Wednesday, February 27, 2008

The General Begins

"Hope is making a comeback, and let me tell you, for the first time in my adult life, I am proud of my country. Not just because Barack is doing well, but I think people are hungry for change". . . Michelle Obama has lived her adult life -- Princeton, Harvard Law, a top law firm, a $342,000-a-year job doing community relations for the University of Chicago hospital system –- [in the American elite]. As Samuel Huntington has pointed out, people in this stratum tend to have transnational attitudes -- all nations are morally equal, except maybe for ours, which is worse.

--Michael Barone, 2/23/08

I owe the title of this submission to Michael Barone. Barone is a conservative, co-editor of the Almanac of American Politics, and one of the best students of national politics. Obama is very likely to be our next president. Barone senses what’s wrong with that. Obama and his supporters reject, with emphasis, American exceptionalism, while millions of us believe “exceptionalism” defines the America we know. Without America in our view, the 20th century would have turned out much worse.

And in the 21st century? Henry Kissinger, in an interview with Der Spiegel, cut to the chase when he said, “it is obvious that the United States cannot permanently do all the fighting for Western interests by itself. So, two conclusions are possible: Either there are no Western interests in [opposing radical Islam] and we don't fight. Or there are vital Western interests in [such opposition] and we have to fight.” That means Americans and Europeans. But without American leadership, how likely is Europe to join up?

After Iraq, most of our national elite has declined to lead the world into battle with radical Islam. Opposition begins with the media. So it was hardly surprising that 24 hours after John McCain de facto claimed the GOP nomination last Tuesday, the New York Times placed an above the fold front page 3,000 word off-lead in its two upper left-hand columns, with bylines from four reporters, suggesting McCain had an affair with a telecommunications lobbyist nine years ago. According to the conservative Weekly Standard’s Stephen Hayes, here’s why the Times’ attack on McCain was an outrage:

• The story was almost entirely attributed to "people involved in the campaign" speaking "on the condition of anonymity." The Times had only one former McCain adviser who would speak for the record, and his comment did not speak to the alleged affair. Both McCain and the lobbyist have denied any romantic relationship.

Times executive editor Bill Keller admitted he was “surprised by how lopsided the opinion was against our decision [to publish] with readers who described themselves as independents and Democrats joining Republicans in defending Mr. McCain from what they saw as a cheap shot."

• If you don’t think the Times is out to get the GOP nominee-to-be, recall how the newspaper, beginning on October 25, 2004, ran 16 articles and opinion pieces about looting at the al Qaqaa munitions facility in Iraq. The Times dismissed suggestions that its attention to the issue was politically motivated. But, as National Review's Byron York asked later: "Why was the Al Qaqaa story so important in the eight days leading up to the election that it merited two stories per day, and so unimportant after the election that it has not merited any stories at all?"

Tuesday, February 19, 2008

Clinton: What Went Wrong

A year ago, I predicted Clinton would be our next president, and Obama would be her vice president. After Obama’s ninth and tenth consecutive wins since Super Tuesday—in Wisconsin and Hawaii, not counting his “beauty contest” win in Washington State—that prediction looks wrong. Clinton could regain her lead with successive victories in Texas and Ohio March 4 and Pennsylvania April 22. Should she lose one of those three, however, she likely loses, period.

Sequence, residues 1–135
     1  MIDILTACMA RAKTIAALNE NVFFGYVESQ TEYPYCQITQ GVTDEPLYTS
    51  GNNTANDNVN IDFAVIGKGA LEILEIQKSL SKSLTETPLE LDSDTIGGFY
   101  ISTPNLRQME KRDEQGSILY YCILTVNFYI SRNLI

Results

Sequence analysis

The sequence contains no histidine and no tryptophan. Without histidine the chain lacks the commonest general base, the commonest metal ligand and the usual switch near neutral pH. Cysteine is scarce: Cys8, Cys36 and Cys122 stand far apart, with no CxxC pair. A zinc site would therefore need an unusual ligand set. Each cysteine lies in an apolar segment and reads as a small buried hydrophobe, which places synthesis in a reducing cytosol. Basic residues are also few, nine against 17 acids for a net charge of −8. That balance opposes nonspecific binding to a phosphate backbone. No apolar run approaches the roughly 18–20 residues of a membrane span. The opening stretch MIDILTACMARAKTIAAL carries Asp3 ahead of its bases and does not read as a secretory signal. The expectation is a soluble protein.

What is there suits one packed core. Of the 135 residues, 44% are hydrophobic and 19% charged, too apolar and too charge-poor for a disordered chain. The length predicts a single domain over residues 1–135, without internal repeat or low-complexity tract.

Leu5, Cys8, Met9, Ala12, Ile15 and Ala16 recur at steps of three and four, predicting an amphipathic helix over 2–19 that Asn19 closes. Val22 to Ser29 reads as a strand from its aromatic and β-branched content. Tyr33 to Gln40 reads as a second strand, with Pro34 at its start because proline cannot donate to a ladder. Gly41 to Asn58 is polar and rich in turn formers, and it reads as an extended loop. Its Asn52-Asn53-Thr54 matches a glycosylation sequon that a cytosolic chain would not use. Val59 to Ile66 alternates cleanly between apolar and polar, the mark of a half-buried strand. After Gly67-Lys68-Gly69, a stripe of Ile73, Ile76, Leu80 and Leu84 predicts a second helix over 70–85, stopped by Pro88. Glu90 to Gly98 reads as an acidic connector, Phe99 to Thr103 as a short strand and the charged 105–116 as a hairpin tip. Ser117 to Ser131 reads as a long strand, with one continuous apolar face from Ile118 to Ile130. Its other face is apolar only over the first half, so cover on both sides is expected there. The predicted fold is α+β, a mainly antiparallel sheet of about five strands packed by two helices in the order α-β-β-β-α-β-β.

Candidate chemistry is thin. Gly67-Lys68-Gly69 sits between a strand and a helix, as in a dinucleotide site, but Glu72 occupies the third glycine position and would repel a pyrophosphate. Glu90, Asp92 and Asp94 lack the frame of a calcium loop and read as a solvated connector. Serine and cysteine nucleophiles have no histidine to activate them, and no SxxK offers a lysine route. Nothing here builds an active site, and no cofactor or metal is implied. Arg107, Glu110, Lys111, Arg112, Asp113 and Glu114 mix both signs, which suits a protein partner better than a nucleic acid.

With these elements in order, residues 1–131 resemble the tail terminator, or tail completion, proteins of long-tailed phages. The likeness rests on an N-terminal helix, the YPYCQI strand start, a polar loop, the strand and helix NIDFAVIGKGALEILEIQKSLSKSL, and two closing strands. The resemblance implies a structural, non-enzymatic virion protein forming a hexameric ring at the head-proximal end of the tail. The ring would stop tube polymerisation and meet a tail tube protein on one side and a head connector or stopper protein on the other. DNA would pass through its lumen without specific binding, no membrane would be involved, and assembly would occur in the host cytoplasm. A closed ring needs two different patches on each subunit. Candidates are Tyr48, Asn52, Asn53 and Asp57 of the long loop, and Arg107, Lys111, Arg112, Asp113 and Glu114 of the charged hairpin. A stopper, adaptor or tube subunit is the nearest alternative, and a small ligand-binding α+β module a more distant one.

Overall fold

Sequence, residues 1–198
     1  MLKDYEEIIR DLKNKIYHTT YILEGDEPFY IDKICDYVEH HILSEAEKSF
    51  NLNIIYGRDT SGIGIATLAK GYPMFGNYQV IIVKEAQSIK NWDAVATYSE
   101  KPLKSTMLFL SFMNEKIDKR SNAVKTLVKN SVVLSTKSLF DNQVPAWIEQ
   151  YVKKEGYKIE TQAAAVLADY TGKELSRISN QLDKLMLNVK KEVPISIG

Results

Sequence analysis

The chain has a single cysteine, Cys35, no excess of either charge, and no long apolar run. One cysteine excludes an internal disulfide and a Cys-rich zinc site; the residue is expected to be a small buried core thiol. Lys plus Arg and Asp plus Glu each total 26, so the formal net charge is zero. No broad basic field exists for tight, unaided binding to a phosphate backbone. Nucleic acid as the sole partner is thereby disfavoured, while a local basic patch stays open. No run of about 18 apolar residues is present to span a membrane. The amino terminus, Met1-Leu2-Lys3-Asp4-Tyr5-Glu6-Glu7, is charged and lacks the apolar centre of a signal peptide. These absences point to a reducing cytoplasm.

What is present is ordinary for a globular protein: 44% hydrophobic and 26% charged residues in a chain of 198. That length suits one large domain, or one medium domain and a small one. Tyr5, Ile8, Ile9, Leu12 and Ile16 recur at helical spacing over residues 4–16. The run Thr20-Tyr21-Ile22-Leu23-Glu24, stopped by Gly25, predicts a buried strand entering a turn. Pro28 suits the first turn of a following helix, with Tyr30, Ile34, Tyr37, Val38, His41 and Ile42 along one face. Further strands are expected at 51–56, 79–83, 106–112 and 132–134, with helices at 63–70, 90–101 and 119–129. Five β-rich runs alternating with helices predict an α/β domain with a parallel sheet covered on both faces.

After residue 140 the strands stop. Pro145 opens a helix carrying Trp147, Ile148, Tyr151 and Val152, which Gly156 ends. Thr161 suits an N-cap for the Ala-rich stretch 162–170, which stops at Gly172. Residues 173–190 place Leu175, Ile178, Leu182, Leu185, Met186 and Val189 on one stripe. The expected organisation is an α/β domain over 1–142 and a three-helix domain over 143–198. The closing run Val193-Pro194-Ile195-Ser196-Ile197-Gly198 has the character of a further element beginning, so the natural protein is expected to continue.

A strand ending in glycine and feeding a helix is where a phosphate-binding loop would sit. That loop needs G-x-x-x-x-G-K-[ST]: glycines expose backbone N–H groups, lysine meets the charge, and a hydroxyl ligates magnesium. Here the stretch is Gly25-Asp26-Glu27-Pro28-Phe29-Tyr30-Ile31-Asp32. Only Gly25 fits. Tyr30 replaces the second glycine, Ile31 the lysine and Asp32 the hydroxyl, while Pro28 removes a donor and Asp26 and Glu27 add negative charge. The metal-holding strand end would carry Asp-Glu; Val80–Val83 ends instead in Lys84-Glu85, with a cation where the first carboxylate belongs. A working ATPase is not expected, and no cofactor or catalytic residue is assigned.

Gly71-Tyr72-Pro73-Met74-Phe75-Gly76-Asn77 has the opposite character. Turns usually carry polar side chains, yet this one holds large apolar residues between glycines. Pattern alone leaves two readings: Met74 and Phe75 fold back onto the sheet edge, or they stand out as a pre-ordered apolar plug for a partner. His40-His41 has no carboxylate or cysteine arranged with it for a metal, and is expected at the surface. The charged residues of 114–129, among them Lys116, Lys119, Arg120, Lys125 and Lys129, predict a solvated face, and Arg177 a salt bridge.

What happened to Clinton? Of course, Obama’s surge to the top is most of all a credit to him. Clinton’s problem was common to all of us who underestimated Obama and his strategy. Still, Clinton had a commanding lead in a race that was hers to lose.

Joshua Green has had as good a look as any inside “Hilleryland,” one good enough to have led the Clintons to block publication in GQ of one of his pieces. Writing recently in the Atlantic, Green mentioned these problems with Clinton’s campaign:

Arrogance. Green saw this in the person of Patti Solis Doyle [pictured], Clinton’s recently-fired campaign manager, who was “Clinton’s alter ego and was installed in the job specifically for that reason.” Solis Doyle went around saying, “When I’m speaking, Hillary is speaking.” Campaign team arrogance, according to Green, “led directly to the idea that Clinton could simply project an air of inevitability and be assured her party’s nomination.”

Solis Doyle. She coined the phrase “Hilleryland,” and earned Clinton’s complete trust by enforcing discipline and stopping leaks during a 2000 Clinton senate campaign rough patch, but Solis Doyle both underperformed as a fundraiser and overspent as a manager, wasting financial resources that should have been a major Clinton asset.

• Bill Clinton. The campaign seriously believed the “first black president” stuff about Bill Clinton; that Bill would gather and maintain a large part of the African-American electorate for his wife.

Strategy. Chief strategist Mark Penn and media consultant Mandy Grunwald, who wanted Clinton to stick to the issues, prevailed internally over adman Dwight Jewson and BillPal Harold Ickes, who thought Clinton "should confront her chief shortcoming—the notion that she was power-hungry and calculating.”

Complacency. Clinton’s sense of inevitability led her to postpone the launching of her presidential campaign, or even to talk about it, until after she had won senate re-election in 2006, conceding a crucial fundraising head-start to Obama.

Ignorance. After campaign law changes limited the role of $100,000 big whale donors, a "new generation of fund-raisers able to corral . . . four-figure checks suddenly became the true prize. . . people like Mark Gorenberg, Alan Solomont, and Steve Westly [not] well known to the Clintons. . . tech moguls who hail from a wealth center, Silicon Valley, that barely existed during Bill Clinton’s last run.” They went for Obama.